Better Save… than Sorry

ClothingLineAs electricity is becoming more and more expensive, why not embark on a power-saving scheme in 2013?

It’s cold outside, you’re staying in, putting on your heating, your TV and you head for long nice hot shower. How’s that going to look like on your power bill? You can do that without feeling guilty. Here’s how:

Step 1: Switch-off. An easy way to save power is to fully switch off anything which is plugged in and uses electricity. For your computer, printer – even your modem – it might come in handy to install a plug where you can do this all at once. Since you can only really be in one room at the time, switch of the lights in the others.

Step 2: Use with care. The washing machine uses a lot of electricity. Why not wash at 60 instead of 90 degrees, 40 instead of 60, 30 instead of 40? And forget about the dryer, why not dry your clothes the old-fashioned way? Other ways of using things more effectively are: turning up the temperature of the fridge, you don’t want to eat frozen yogurts anyway. Try also to turn down the brightness of your (TV, computer) screen, a couple of notches, you won’t even notice.

Step 3: Use some tools. The save energy in your home wiki speaks about the magic of insulating: Up to a third of your home heating escapes through the roof. Prevent this by insulating. Not only is it simple to do, but it’s also the most cost efficient energy saving measure you can make. If you don’t already have it, invest in cavity-wall insulation. This will prevent another third of your heat escaping.” Solar panels can be a great investment too, especially to help you heat warm water.

Step 4: Replace. It makes sense to use energy-efficient appliances. However, it does not make sense to throw away things which are in perfect shape to replace them for others who loose less energy. If your concern about energy saving is based on idealist/moral grounds (we use too much energy in general and especially  fossil fuels, atomic energy etc.) and not just because of your wallet, then buying new stuff is definitely not the best way to save energy – producing a new low-consuming computer f. e. uses much more energy then what you can save with it. Things break. And when they do, that’s a good moment to consider buying a power-saving alternative. LED-lights for example live long and consume much less energy. For fridges and other kitchen-tools, there are energy standards.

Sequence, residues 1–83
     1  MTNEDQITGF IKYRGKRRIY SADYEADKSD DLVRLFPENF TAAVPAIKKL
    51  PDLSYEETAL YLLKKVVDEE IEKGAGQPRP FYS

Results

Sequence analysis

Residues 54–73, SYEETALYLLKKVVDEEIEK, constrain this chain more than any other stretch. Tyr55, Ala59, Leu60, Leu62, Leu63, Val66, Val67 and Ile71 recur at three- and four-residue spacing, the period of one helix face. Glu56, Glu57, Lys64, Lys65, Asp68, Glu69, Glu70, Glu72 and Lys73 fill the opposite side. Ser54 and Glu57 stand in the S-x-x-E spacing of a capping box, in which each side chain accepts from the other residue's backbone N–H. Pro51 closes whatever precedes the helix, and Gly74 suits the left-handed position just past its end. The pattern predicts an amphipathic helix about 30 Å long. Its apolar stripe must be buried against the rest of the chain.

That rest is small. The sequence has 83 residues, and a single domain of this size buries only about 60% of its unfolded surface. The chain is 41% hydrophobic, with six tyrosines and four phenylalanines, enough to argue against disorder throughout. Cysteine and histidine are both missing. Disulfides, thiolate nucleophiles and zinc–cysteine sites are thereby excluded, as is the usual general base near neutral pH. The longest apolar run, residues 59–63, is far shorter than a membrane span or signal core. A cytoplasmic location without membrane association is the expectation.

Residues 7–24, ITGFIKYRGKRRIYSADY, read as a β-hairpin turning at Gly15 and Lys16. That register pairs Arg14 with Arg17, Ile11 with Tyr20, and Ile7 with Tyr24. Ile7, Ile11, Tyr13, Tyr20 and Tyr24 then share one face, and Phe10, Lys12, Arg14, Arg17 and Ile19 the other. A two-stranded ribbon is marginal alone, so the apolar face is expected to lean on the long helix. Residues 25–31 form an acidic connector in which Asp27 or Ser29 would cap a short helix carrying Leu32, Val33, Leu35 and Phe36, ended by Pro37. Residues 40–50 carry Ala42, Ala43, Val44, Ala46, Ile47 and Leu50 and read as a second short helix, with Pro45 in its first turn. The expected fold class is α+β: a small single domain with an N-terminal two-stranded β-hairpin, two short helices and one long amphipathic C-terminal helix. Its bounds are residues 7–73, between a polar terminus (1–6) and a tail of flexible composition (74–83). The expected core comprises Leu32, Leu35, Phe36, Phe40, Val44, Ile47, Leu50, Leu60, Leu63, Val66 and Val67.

Step 5: Reconsider. Do you know how your power is produced? Does it come from coal burning plants? From Atomic energy plants or maybe wind mills? There is only one way to know for sure: switch supplier. There are many options for renewable energy, some examples are ekotricity and Good Energy in the UK.

Picture courtesy by reway2007, thanks.

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2 thoughts on “Better Save… than Sorry

  1. Great advice as always! I’m reminded of a great quote from Nate Hagens: “we’re not facing a shortage of energy, but a longage of expectations.” Once we stop consuming energy so irresponsibly (particularly here in the USA) the amount of energy we require will be reduced… and fossil fuels will no longer be necessary. Reducing the amount of energy we consume is more than just being more efficient as individuals, it also involves changing what and how we buy, what and how we eat, where and how we work… nearly every aspect of modern life. Those addicted to fossil fuels would have us believe that reducing our energy expectations means a return to the Stone Age, but in fact many theories indicate that a modern society less dependent on fossil fuels is likely to be both healthier and happier. I look forward to that future.

  2. As I visited the local tip shop recently I thought to myself “our childrens children are going to marvel at our ridiculous urge to throw things away”. 2013 is my year of re-using, re-purposing and recycling everything possible. I am also going to put all of the knowledge that I gained last year into practice this year. We are propagating like crazy to get enough plants to mass plant Serendipity Farm and we are composting, hugelkulturing, water wicking and anything else that will give us the edge here in our dry summer, wet winter conditions. I see it as positive affirmation that there is hope in all of this, we just need to take hold of it and hold it above our heads and be counted. I hope you had a great New Year Rahel and that everything is going well for you and yours 🙂

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